Next, we assessed genetic components of 25 training populations (Fig. 4A). At K = 2, the populations in Africa and Europe showed similar genetic components which could be distinguished from the populations in East Asia and America. At K = 3, African populations and European populations exhibited their distinct ancestry components, respectively. When K became 4, specific ancestry components in American populations could be observed and all training populations could be classified into four apparent clusters. No further distinctions among these populations could be discerned at K = 5. Given these results, apparent distinctions among these continental populations could be achieved by the 48 SNPs. Cross-validation error of each K value was estimated by ADMIXTURE software v1.3 to determine the optimum K value, as presented in Fig. 4B. Results revealed that the lowest cross-validation error was observed at K = 4, indicating K = 4 was the most appropriate for these data.
Ancestry analysis of six testing populations based on 48 SNPs
Since American populations collected in 1000 Genomes Phase 3 showed different degrees of admixture components of European, American and African ancestries (Genomes Project Consortium et al., 2015), some populations from East Asia, Europe and Africa were employed to evaluate the efficiency of 48 SNPs for differentiating continental populations. The testing set included two African populations (ESN and YRI), two European populations (GBR and FIN) and two East Asian populations (CHB and JPT). Firstly, we estimated ancestry components of these six populations by ADMIXTURE software v1.3, as shown in Fig S1A. Results indicated that populations within the same continents showed similar genetic component distributions and could be separated from the populations in the other continents (Fig S1A). Furthermore, cross-validation plot revealed K = 3 was the best value for these testing populations (Fig S1B). Therefore, estimated genetic components of each individual for six testing populations at K = 3 were presented in Fig. 5A. We found FIN and GBR individuals showed high genetic components of European ancestry; CHB and JPT individuals possessed high genetic components of East Asian ancestry; ESN and YRI individuals demonstrated high genetic components of African ancestry. Consequently, these six testing populations could be assigned into their corresponding continental origins by these 48 SNPs.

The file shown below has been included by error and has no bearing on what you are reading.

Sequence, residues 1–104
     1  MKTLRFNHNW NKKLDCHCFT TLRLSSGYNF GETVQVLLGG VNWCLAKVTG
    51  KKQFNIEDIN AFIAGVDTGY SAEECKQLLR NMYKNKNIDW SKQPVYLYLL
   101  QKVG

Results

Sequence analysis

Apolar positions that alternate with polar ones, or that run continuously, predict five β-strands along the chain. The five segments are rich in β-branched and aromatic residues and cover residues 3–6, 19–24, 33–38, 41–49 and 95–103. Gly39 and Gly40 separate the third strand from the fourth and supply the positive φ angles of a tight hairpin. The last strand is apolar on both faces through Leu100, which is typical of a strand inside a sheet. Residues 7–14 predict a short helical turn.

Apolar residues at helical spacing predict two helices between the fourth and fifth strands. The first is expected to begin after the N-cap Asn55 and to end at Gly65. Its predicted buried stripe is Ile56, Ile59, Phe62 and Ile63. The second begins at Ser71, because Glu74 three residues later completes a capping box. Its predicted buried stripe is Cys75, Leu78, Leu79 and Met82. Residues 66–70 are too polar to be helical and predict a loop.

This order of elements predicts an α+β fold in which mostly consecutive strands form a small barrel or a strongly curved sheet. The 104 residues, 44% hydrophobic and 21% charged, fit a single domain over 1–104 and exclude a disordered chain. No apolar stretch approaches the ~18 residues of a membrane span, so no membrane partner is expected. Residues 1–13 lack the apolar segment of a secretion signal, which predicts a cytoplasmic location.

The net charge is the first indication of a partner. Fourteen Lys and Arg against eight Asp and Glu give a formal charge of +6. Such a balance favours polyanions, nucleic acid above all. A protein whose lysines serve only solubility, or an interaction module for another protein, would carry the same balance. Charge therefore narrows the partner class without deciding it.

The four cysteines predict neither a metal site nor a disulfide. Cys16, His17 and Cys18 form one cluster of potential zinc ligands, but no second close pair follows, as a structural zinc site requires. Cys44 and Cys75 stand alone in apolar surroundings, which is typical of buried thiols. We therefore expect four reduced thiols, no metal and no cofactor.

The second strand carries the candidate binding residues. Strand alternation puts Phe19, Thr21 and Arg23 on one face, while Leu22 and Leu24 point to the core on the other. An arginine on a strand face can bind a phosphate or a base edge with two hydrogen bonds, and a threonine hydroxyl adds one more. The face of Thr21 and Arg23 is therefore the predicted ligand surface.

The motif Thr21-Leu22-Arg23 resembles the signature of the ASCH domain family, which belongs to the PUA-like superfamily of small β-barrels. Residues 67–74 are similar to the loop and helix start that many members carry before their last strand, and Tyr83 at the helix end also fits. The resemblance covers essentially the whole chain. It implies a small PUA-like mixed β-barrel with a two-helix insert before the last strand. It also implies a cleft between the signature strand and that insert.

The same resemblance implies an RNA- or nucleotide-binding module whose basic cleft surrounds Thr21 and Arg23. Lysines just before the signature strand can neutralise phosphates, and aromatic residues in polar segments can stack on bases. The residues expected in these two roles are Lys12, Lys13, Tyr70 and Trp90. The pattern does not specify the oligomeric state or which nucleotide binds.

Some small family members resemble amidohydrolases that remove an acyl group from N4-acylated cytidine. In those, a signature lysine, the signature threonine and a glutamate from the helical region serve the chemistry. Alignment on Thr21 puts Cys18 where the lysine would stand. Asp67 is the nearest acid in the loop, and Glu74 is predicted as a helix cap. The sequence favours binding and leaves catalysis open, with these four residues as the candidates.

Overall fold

Next, twenty-two training populations were classified into three known populations (African, European and East Asian) according to their biogeographical origins; six testing populations were treated as unknown individuals. PCA of these populations was conducted, as shown in Fig. 5B. Result demonstrated that African, European and East Asian individuals formed three population clusters. Moreover, we found that these testing individuals were superimposed onto the correct population clusters in Fig. 5B. Results of Naïve Bayes analysis also revealed all testing samples could be assigned to their corresponding continental regions (Table S4). For example, individual HG02922 was classified into African individuals with more than one billion times than European and East Asian individuals. From the above results, these 48 SNP set performed well for ancestry origin predictions of three continental populations (African, European and East Asian).
Discrimination efficiencies of 48 SNP loci for three Chinese populations
Ancestral allele frequencies of 48 SNP loci in Uygur, Han and Mongolian populations were given in Supplementary Fig. 2. Distinct frequency differences of most SNPs could be observed among pairwise populations. As an example, ancestral frequencies of rs1857859 locus in Uygur, Han and Mongolian populations were 0.65, 0.76 and 0.25, respectively, indicating the locus was good for distinguishing Mongolians from Uygurs and Hans. Population specific In values of 48 SNPs in these three Chinese populations were presented in Fig. 6 and Table S3. Results revealed that 10, 7 and 5 SNP loci displayed relatively high In values (≥0.1) in Uygur, Han and Mongolian populations, respectively. Additionally, some SNP loci which had low In values in four continental populations showed relatively high In values in one of the three Chinese populations. For example, rs10852189 locus whose In values in four continental populations were less than 0.05 had In value with being more than 0.1 in Han Chinese population.
Next, we assessed the power of 48 SNPs for ancestry analyses of Han, Mongolian and Uygur populations. Firstly, population structure analysis of three Chinese populations at K = 3 was given in Fig. 7A. Different ancestral component distributions were seen among these populations: Han population showed high blue proportions; Mongolian group displayed high purple proportions; Uygur group exhibited high orange proportions. We also found some individuals showed admixture ancestry proportions, which might result from the recent admixtures of these populations. Nevertheless, individuals from three Chinese populations formed three distinct clusters in the PCA plot (Fig. 7B). Moreover, multinomial logistic regression analyses of three Chinese populations were conducted to further evaluate the efficiencies of 48 SNP loci (Table S5). Results indicated Uygur, Han and Mongolian individuals were correctly classified into their corresponding populations with the probability values of 1.0000, reflecting these 48 SNP loci could estimate biogeographical origins of these Chinese populations well.
Ancestry origin predictions of different continental populations could be achieved by some SNP assays (Kidd et al., 2011; Kidd et al., 2014; Phillips et al., 2007). However, Soundararajan et al. (2016) stated that ancestral resolution among continental populations might be insufficient for the forensic application. Therefore, several SNP panels which were used to improve the ancestral resolution of regional populations have been developed by some researchers (Bulbul et al., 2018; Li et al., 2016; Phillips et al., 2013). In the current study, we presented one set of SNPs which were utilized to differentiate different continental populations and three Chinese populations.